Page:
9.1 The key to that expansion was Labatut’s four-step process to learn to experience existing things in a modern way, assimilate the inner experiential lessons, forget the outer form of the object, and create the same experience within a different form
10 Architectural phenomenology coalesced into a coherent discourse through the intertwining of the search for authentic experience and the search to reconcile modernism with its own history.
11 Architectural phenomenology, the dis- course that wove together sensorial experi- ence and architectural history, achieved coherence by interlacing three thematic strands. Woven together, these three strands defined architectural phenomenology and its legacy.
11.1 (1) EXPERIENCE: - the senses were not historically determined - buildings are designed with the human body in mind - bodily experience became the point of entry for spiritualist and religious interpretations of architecture - began to turn against modernism’s secular objectivity.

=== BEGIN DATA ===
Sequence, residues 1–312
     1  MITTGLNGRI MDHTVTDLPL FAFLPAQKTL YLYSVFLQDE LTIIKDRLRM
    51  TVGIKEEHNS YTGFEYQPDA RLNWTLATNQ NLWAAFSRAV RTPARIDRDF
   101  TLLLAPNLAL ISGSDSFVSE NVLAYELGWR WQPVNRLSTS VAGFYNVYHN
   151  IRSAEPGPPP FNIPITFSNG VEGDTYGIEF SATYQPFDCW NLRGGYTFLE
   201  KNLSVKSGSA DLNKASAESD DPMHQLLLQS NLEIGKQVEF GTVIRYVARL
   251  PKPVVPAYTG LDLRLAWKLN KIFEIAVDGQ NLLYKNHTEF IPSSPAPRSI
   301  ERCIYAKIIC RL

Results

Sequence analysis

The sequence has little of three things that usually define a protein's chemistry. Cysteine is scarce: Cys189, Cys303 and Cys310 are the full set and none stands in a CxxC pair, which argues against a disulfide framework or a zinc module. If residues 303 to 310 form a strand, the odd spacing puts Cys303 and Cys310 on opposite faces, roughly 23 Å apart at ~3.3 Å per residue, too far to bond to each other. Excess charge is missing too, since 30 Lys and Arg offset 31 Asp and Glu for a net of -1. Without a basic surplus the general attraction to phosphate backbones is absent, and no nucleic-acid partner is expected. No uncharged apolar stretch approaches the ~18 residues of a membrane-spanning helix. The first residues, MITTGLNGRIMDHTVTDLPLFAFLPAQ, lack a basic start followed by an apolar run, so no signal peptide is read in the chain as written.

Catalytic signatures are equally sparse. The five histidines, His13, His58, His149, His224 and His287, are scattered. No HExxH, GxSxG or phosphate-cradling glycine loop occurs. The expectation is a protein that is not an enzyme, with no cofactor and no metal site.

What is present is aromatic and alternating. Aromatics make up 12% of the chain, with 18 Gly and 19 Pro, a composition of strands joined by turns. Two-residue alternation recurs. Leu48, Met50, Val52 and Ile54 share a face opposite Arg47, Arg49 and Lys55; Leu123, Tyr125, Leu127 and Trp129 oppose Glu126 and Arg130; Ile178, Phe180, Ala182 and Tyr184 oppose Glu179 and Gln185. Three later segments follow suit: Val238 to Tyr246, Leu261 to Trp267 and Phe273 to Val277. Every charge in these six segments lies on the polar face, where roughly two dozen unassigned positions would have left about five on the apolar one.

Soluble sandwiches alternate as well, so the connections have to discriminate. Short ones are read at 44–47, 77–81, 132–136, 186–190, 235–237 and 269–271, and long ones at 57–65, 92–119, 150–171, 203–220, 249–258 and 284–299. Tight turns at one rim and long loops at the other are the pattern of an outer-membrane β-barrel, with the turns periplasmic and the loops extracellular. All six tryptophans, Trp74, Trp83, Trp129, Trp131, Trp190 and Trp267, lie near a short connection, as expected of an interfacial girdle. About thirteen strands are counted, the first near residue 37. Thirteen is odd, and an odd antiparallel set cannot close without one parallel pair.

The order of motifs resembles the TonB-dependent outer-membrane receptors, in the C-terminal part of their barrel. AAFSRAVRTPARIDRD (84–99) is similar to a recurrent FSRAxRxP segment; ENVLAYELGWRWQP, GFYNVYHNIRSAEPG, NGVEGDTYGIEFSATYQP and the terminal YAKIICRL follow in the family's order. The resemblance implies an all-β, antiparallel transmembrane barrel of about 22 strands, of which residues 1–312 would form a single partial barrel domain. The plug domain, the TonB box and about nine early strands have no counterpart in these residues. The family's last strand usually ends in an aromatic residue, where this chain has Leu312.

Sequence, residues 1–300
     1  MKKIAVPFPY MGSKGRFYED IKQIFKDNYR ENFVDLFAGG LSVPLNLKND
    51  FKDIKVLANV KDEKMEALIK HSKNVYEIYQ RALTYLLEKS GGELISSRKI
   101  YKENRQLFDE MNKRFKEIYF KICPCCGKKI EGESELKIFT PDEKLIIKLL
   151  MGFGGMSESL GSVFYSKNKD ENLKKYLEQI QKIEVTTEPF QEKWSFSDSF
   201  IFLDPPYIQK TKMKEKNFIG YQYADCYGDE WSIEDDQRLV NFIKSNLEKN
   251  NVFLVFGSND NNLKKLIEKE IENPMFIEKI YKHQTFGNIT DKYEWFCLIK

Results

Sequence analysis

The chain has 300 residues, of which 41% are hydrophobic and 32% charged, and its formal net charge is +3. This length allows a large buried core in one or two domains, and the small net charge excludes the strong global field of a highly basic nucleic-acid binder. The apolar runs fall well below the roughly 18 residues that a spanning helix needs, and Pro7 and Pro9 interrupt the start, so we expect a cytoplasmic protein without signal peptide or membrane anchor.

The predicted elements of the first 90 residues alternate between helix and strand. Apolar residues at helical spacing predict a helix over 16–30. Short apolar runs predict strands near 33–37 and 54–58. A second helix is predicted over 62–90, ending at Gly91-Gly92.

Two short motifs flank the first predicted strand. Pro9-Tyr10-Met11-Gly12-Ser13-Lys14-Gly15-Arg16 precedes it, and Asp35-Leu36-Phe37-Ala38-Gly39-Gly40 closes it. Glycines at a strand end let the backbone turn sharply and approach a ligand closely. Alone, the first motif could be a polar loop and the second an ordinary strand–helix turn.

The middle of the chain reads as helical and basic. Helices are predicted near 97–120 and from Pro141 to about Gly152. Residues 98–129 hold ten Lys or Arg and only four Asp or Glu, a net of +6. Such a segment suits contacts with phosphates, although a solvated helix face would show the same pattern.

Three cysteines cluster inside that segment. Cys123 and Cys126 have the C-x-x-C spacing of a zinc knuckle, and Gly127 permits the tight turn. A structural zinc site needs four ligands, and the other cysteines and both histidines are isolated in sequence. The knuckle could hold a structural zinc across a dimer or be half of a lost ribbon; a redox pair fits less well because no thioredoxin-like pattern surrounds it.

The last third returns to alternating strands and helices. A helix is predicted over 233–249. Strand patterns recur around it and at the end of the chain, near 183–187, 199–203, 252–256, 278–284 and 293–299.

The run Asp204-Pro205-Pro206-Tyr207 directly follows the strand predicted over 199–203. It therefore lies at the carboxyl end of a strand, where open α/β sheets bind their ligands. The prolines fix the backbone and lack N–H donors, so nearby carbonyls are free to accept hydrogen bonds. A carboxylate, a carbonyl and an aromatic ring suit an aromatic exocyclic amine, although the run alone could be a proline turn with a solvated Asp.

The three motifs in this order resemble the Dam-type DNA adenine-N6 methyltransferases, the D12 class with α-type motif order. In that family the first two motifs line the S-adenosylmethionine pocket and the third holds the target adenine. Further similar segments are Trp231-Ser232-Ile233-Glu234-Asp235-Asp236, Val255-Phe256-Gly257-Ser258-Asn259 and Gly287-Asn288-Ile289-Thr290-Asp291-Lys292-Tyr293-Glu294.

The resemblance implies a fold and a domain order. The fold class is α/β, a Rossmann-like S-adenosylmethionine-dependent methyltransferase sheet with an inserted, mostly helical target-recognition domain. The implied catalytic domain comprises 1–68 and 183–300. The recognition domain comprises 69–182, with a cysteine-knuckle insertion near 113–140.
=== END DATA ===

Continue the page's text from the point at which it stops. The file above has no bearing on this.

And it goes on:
11.2 (2) HISTORY: - modernist belief that historical buildings were expressions of a deeper structuring reality, which was thought to remain constant across time.
11.3 (3) THEORY: - emerged as an early instance of interdisciplinarity - supports the thesis that experience was the ‘essence’ of architecture - architects searched for evidence in other disciplines, most notably in phenomenological philosophy - an ambiguous but unique realm, at the intersection of the professional architect’s and the historian’s practice - transformed the tradition of architectural historiography - resulting in important new theories and modes of writing architectural history, which incorporated the visual and experiential sensitivity of architectural design.